This website uses cookies

    As a user in the EEA, your approval is needed on a few things. To provide a better website experience, uses cookies (and other similar technologies) and may collect, process, and share personal data. Please choose which areas of our service you consent to our doing so.

    For more information on managing or withdrawing consents and how we handle data, visit our Privacy Policy at:

    Show Details
    HubPages Device IDThis is used to identify particular browsers or devices when the access the service, and is used for security reasons.
    LoginThis is necessary to sign in to the HubPages Service.
    Google RecaptchaThis is used to prevent bots and spam. (Privacy Policy)
    AkismetThis is used to detect comment spam. (Privacy Policy)
    HubPages Google AnalyticsThis is used to provide data on traffic to our website, all personally identifyable data is anonymized. (Privacy Policy)
    HubPages Traffic PixelThis is used to collect data on traffic to articles and other pages on our site. Unless you are signed in to a HubPages account, all personally identifiable information is anonymized.
    Amazon Web ServicesThis is a cloud services platform that we used to host our service. (Privacy Policy)
    CloudflareThis is a cloud CDN service that we use to efficiently deliver files required for our service to operate such as javascript, cascading style sheets, images, and videos. (Privacy Policy)
    Google Hosted LibrariesJavascript software libraries such as jQuery are loaded at endpoints on the or domains, for performance and efficiency reasons. (Privacy Policy)
    Google Custom SearchThis is feature allows you to search the site. (Privacy Policy)
    Google MapsSome articles have Google Maps embedded in them. (Privacy Policy)
    Google ChartsThis is used to display charts and graphs on articles and the author center. (Privacy Policy)
    Google AdSense Host APIThis service allows you to sign up for or associate a Google AdSense account with HubPages, so that you can earn money from ads on your articles. No data is shared unless you engage with this feature. (Privacy Policy)
    Google YouTubeSome articles have YouTube videos embedded in them. (Privacy Policy)
    VimeoSome articles have Vimeo videos embedded in them. (Privacy Policy)
    PaypalThis is used for a registered author who enrolls in the HubPages Earnings program and requests to be paid via PayPal. No data is shared with Paypal unless you engage with this feature. (Privacy Policy)
    Facebook LoginYou can use this to streamline signing up for, or signing in to your Hubpages account. No data is shared with Facebook unless you engage with this feature. (Privacy Policy)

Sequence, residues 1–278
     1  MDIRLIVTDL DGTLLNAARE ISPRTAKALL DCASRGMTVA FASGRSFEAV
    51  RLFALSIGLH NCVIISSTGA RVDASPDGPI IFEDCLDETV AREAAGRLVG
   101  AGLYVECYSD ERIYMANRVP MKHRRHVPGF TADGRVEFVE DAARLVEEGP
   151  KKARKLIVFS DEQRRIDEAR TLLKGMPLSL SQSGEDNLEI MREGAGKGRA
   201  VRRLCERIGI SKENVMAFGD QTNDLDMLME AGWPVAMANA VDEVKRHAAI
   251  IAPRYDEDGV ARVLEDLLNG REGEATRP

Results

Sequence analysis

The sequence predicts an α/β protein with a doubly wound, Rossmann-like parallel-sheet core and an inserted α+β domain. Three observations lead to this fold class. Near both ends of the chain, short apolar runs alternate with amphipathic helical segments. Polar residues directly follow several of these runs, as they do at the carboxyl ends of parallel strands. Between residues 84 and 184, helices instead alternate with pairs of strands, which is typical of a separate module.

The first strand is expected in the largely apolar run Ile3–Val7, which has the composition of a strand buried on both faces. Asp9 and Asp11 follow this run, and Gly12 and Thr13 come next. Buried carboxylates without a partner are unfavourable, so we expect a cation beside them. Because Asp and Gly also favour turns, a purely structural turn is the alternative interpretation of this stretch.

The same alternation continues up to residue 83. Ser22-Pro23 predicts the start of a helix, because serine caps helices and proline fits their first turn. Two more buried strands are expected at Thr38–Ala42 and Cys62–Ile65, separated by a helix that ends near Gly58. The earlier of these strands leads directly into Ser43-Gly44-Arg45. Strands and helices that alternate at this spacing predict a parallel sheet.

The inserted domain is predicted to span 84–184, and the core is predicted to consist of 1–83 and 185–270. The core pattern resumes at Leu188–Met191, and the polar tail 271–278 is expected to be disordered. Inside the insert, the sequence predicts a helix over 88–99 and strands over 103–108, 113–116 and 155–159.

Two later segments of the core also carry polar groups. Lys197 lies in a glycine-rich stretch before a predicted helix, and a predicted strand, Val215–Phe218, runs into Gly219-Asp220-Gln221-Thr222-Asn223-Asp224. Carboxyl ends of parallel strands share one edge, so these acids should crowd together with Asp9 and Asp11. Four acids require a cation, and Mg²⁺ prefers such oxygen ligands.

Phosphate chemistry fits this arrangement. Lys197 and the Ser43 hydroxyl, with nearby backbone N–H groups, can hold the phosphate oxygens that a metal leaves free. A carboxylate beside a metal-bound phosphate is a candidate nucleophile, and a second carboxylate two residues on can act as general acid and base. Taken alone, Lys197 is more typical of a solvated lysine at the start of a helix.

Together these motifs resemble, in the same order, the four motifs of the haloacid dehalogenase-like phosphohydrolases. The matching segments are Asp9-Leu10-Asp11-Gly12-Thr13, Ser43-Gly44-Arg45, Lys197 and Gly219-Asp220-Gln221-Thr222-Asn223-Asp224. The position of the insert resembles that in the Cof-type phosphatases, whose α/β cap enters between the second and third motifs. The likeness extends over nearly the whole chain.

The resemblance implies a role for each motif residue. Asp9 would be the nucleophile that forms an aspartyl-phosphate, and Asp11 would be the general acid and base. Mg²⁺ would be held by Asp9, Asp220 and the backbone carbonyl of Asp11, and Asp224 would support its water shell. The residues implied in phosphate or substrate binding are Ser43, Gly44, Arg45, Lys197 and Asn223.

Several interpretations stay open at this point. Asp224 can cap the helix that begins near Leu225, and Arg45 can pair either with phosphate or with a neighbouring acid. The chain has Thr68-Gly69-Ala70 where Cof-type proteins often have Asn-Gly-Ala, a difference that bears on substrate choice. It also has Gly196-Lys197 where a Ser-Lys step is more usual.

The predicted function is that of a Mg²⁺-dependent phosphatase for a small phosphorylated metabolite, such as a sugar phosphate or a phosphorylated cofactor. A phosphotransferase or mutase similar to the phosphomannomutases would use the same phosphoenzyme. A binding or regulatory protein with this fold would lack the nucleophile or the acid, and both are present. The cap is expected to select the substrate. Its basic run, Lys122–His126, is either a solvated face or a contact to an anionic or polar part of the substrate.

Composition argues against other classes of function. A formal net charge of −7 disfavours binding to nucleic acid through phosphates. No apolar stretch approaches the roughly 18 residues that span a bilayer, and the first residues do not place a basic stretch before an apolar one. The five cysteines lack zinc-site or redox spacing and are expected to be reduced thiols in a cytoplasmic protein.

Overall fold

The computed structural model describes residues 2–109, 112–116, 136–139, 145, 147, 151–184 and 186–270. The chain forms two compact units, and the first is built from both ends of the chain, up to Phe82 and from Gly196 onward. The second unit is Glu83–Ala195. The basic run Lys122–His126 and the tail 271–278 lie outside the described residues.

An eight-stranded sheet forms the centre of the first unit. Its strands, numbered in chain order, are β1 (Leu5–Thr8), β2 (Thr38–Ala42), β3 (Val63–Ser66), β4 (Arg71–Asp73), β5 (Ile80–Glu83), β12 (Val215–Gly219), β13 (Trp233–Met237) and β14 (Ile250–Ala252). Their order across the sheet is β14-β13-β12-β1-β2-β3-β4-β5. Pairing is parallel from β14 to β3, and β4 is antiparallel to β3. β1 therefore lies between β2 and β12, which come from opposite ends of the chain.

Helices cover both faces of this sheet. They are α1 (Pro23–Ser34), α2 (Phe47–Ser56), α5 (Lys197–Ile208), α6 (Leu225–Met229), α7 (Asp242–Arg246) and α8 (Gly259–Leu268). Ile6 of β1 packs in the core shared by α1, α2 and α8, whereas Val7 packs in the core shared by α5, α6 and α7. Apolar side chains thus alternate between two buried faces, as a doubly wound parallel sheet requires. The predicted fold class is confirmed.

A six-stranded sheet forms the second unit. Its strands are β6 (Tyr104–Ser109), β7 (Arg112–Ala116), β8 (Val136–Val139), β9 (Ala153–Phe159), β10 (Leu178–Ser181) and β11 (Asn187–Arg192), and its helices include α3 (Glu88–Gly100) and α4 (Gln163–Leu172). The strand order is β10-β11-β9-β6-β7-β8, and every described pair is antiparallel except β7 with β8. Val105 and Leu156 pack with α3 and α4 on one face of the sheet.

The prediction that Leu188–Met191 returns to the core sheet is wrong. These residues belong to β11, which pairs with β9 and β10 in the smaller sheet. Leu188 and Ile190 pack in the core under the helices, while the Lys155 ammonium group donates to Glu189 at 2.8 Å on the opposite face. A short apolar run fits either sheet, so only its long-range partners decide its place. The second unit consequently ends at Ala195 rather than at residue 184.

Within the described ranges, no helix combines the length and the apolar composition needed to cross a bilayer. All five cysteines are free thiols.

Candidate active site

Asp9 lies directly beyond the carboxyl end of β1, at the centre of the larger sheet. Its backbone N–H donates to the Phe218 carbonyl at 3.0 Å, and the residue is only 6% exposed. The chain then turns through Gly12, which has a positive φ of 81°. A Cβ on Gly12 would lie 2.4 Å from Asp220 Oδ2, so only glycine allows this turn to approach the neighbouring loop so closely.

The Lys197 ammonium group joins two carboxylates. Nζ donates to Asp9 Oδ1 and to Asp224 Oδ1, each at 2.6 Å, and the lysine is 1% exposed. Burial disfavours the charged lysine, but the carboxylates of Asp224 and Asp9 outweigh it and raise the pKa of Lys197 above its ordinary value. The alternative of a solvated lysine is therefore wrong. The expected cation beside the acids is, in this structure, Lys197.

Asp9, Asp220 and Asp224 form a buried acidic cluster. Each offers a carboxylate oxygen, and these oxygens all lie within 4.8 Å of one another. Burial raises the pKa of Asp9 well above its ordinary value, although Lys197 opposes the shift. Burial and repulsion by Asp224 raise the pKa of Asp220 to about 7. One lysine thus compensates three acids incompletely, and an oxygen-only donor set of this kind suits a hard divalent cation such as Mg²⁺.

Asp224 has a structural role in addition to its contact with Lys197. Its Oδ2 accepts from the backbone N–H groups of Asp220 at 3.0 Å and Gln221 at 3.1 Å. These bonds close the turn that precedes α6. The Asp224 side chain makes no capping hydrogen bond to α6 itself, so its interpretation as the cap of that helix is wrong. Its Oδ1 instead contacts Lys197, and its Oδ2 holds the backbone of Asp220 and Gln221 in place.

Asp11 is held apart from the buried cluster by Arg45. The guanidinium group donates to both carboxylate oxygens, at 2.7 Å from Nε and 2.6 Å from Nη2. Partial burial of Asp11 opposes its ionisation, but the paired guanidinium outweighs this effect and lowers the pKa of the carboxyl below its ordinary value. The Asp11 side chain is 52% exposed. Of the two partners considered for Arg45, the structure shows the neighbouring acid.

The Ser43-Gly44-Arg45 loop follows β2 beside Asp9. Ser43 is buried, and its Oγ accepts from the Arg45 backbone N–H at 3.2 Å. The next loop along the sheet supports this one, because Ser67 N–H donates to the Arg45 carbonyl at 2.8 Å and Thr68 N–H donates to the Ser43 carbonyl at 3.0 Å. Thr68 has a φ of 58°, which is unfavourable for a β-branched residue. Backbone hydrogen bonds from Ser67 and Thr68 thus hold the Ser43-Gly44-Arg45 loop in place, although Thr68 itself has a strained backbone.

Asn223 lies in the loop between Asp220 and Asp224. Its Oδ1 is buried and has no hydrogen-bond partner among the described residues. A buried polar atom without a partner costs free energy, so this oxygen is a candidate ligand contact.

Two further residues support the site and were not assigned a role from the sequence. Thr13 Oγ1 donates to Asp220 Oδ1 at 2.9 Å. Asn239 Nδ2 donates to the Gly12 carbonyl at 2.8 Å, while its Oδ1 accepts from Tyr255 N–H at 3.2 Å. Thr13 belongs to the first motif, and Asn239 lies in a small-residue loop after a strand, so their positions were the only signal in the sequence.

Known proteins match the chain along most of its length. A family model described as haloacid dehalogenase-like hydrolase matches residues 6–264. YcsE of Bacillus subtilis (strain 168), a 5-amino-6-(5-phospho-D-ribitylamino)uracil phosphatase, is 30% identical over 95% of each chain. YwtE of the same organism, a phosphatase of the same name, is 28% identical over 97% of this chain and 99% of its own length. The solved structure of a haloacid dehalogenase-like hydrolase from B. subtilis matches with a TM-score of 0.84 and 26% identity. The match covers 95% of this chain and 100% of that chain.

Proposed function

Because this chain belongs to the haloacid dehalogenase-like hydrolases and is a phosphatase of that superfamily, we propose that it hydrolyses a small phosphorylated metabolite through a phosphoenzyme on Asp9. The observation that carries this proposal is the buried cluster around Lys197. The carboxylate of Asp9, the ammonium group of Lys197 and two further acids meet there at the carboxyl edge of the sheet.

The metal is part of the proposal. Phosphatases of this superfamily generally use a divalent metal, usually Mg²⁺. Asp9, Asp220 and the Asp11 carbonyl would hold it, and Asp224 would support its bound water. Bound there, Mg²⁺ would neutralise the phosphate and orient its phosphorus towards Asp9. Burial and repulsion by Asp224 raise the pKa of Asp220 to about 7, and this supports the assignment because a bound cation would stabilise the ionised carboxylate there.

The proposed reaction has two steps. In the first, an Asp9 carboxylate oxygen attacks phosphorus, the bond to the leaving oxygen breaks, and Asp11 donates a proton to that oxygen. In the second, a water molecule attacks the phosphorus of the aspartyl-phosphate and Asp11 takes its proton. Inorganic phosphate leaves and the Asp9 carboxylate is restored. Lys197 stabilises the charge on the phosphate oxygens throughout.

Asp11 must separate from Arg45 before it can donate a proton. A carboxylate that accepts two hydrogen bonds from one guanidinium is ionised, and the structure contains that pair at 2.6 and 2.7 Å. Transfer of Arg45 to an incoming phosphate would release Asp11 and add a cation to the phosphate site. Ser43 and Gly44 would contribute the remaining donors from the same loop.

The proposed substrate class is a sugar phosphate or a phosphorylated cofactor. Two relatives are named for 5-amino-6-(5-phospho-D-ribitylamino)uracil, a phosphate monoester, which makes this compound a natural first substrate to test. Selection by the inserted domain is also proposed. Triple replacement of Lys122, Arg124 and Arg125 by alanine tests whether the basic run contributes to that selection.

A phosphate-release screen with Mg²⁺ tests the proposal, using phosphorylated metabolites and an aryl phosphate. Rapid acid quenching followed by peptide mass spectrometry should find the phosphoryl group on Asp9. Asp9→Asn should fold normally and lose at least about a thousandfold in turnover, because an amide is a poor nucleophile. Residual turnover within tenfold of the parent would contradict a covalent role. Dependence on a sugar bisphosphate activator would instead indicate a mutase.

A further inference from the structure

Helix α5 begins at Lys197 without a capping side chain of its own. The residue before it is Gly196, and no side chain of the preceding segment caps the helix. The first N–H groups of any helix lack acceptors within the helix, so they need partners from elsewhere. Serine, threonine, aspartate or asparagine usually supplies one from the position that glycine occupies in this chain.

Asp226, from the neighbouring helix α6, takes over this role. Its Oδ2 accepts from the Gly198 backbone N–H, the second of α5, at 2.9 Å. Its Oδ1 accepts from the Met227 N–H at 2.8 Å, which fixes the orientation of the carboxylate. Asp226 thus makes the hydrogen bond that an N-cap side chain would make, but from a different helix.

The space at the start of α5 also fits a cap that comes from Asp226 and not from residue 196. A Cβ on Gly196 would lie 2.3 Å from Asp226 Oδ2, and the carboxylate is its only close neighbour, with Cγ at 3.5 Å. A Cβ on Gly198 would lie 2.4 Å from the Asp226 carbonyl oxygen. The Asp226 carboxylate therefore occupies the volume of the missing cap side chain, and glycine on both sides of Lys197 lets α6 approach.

MavenThis supports the Maven widget and search functionality. (Privacy Policy)
    Google AdSenseThis is an ad network. (Privacy Policy)
    Google DoubleClickGoogle provides ad serving technology and runs an ad network. (Privacy Policy)
    Index ExchangeThis is an ad network. (Privacy Policy)
    SovrnThis is an ad network. (Privacy Policy)
    Facebook AdsThis is an ad network. (Privacy Policy)
    Amazon Unified Ad MarketplaceThis is an ad network. (Privacy Policy)
    AppNexusThis is an ad network. (Privacy Policy)
    OpenxThis is an ad network. (Privacy Policy)
    Rubicon ProjectThis is an ad network. (Privacy Policy)
    TripleLiftThis is an ad network. (Privacy Policy)
    Say MediaWe partner with Say Media to deliver ad campaigns on our sites. (Privacy Policy)
    Remarketing PixelsWe may use remarketing pixels from advertising networks such as Google AdWords, Bing Ads, and Facebook in order to advertise the HubPages Service to people that have visited our sites.
    Conversion Tracking PixelsWe may use conversion tracking pixels from advertising networks such as Google AdWords, Bing Ads, and Facebook in order to identify when an advertisement has successfully resulted in the desired action, such as signing up for the HubPages Service or publishing an article on the HubPages Service.
    Author Google AnalyticsThis is used to provide traffic data and reports to the authors of articles on the HubPages Service. (Privacy Policy)
    ComscoreComScore is a media measurement and analytics company providing marketing data and analytics to enterprises, media and advertising agencies, and publishers. Non-consent will result in ComScore only processing obfuscated personal data. (Privacy Policy)
    Amazon Tracking PixelSome articles display amazon products as part of the Amazon Affiliate program, this pixel provides traffic statistics for those products (Privacy Policy)
    ClickscoThis is a data management platform studying reader behavior (Privacy Policy)